In March 2020 Adele became unwell. Initially she had ‘textbook’ symptoms of Covid – a sore throat, temperature, cough and headache. After a week she became very unwell. After experiencing a wide range of symptoms, more recently she has been able to return to her work part-time. Being able to share experiences and treatment ideas with others has helped her recovery. She regrets pushing herself too soon and too much, both physically and mentally. Adele was interviewed in May 2021.

Adele is a doctor. Before Covid, she had a busy social life, worked full-time and had lots of hobbies. ‘All of that, pretty much, went in the bin’ when she contracted Covid. Her partner has been very supportive throughout her illness.

She initially had ‘textbook’ Covid symptoms in March 2020 – sore throat, fever, cough and shortness of breath. She then developed many more symptoms which got worse over time. These included brain fog, visual disturbances, dizziness, severe postural headaches, tinnitus, fast heart rate (tachycardia), intense chest and stomach pain, nerve pain, numbness or tingling in her hands and feet, inflamed and painful joints, wheeziness, skin rashes and phantom smells. She had ‘waves’ of feeling worse and some secondary infections, such a pneumonia. Some symptoms (like chest pain) got worse when she tried to exercise, and some returned or only started about 9 months after the initial infection. Some symptoms have got worse in some circumstances, particularly lightheadedness, fainting and cognitive problems. After more than a year she feels fortunate that she is beginning to get better, although she still has some cognitive and neurological symptoms and fatigue.

After 6 months off work, she made an unsuccessful attempt to return which made her feel ‘like a failure’. With so many symptoms and the worry of not being able to work, she felt depressed for a few weeks. This passed quite quickly with support from her partner and colleagues and some medical treatment. In hindsight she feels it was a mistake to try to push herself mentally and physically. She has partially returned to work. Sometimes she still finds the mental demands of the job very tiring.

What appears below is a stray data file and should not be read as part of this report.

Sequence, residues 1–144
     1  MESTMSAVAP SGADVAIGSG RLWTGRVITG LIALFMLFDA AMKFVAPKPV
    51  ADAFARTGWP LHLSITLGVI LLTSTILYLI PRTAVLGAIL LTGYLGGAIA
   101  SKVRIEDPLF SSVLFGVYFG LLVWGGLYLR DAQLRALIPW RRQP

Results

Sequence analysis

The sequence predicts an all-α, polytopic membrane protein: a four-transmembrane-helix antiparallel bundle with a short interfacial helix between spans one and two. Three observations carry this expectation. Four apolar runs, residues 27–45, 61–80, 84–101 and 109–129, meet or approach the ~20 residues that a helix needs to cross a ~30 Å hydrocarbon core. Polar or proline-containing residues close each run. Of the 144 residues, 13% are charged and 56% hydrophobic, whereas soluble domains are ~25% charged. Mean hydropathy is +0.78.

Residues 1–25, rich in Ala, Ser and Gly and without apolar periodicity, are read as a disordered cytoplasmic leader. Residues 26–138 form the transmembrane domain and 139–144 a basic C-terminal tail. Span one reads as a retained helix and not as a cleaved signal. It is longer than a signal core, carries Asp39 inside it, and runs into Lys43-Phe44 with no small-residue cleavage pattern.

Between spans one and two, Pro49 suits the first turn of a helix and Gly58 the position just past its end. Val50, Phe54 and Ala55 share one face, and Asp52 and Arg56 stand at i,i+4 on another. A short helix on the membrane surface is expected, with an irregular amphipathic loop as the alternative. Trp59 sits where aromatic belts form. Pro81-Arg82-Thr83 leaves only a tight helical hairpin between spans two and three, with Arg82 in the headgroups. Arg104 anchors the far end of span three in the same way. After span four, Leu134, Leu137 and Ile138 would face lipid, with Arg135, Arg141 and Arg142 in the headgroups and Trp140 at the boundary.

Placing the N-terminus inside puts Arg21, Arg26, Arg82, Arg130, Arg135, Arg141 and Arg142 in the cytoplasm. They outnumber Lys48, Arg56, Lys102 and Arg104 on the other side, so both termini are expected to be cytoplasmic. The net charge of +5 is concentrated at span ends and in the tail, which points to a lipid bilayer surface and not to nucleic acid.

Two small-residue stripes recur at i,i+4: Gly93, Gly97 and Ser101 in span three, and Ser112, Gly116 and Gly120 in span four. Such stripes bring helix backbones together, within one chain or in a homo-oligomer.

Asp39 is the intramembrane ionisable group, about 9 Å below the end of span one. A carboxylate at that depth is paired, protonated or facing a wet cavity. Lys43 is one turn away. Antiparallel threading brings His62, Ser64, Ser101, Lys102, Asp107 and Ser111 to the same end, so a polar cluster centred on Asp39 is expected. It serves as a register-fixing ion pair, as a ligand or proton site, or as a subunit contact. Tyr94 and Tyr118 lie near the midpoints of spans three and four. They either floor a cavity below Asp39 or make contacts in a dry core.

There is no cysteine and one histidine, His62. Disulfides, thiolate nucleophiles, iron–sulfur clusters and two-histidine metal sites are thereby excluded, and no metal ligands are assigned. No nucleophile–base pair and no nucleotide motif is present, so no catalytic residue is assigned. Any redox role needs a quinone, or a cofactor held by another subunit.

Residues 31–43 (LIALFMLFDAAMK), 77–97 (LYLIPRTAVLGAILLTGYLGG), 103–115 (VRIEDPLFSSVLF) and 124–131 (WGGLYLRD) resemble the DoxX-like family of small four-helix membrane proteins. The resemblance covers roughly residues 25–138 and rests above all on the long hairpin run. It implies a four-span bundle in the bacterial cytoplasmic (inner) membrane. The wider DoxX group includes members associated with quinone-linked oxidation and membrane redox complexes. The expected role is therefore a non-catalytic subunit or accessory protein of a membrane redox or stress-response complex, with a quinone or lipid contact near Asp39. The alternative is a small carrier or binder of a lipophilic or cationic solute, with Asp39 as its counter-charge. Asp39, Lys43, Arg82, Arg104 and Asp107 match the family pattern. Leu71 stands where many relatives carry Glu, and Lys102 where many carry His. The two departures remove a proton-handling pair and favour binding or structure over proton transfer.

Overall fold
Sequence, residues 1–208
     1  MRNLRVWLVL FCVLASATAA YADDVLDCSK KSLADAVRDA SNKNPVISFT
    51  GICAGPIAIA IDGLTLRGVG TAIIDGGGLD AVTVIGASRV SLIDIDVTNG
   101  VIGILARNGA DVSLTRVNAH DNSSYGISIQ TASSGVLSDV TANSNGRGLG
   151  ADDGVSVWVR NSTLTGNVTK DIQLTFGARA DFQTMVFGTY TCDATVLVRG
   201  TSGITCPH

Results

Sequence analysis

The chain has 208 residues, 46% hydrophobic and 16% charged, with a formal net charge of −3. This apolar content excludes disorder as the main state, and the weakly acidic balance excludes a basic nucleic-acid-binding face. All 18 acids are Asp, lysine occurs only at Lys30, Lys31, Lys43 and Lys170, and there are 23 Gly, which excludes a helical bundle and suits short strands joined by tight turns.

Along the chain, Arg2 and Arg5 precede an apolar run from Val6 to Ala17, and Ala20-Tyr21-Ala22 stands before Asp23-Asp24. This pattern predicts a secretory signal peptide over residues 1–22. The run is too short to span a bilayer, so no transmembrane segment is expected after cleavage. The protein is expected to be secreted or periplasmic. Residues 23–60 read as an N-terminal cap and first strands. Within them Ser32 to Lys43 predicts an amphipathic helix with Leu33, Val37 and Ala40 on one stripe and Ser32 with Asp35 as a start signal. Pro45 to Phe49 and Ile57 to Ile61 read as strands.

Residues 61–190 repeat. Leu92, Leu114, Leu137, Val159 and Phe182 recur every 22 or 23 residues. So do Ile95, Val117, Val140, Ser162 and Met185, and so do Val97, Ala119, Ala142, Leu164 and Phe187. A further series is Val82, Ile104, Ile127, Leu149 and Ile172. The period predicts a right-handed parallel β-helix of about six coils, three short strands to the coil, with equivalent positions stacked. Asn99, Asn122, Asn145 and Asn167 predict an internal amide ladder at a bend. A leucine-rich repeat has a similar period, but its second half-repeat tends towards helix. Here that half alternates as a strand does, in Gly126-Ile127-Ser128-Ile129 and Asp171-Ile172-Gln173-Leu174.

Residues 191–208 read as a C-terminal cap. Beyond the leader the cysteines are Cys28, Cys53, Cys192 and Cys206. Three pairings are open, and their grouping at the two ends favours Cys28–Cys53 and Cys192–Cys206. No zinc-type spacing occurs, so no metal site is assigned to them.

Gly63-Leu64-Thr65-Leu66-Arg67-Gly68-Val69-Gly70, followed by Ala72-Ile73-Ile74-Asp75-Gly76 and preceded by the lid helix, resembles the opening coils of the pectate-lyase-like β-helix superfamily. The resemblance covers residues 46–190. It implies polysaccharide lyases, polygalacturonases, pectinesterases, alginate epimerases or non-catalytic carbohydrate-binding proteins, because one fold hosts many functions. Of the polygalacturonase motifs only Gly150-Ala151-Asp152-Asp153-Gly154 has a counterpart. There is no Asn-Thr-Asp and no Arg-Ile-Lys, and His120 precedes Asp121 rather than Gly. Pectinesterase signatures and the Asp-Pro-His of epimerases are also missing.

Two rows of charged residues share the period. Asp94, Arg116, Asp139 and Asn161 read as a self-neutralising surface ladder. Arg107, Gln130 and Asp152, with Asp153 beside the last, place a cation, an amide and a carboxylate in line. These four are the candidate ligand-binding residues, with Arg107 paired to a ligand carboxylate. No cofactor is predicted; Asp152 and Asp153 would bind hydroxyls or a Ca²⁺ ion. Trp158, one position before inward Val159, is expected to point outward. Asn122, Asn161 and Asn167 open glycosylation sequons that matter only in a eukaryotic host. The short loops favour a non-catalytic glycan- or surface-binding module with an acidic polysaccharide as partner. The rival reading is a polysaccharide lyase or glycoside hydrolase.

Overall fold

Getting to know others with long Covid was very helpful. She joined a group of doctors with long Covid, which helped her to make sense of her symptoms. They still give each other mutual support. She also thinks there has been some stigma around long Covid, and too often people focus on psychological elements of long Covid. The group of doctors was useful for exploring treatment options. Some treatments and therapies have helped – for example, beta blockers helped with her tachycardia and antihistamines helped with various allergies and rashes. She found that a meditation app, gentle yoga and balancing periods of rest and activity helped to ease some symptoms. Changing what she ate helped with a gluten intolerance that she developed. She has had support from a very good GP, but she thinks health care professionals have struggled to know what to do because long Covid is a new condition.

Her advice for someone who encounters anyone who may have long Covid is to ‘be compassionate and understanding, believe what they say, it might sound preposterous, and wild, and unbelievable, but it’s very, very real, it’s happening… and it’s really scary, and difficult.’ Her advice to people with long Covid is ‘rest, rest, rest, don’t push yourself and talk to people about how you feel.’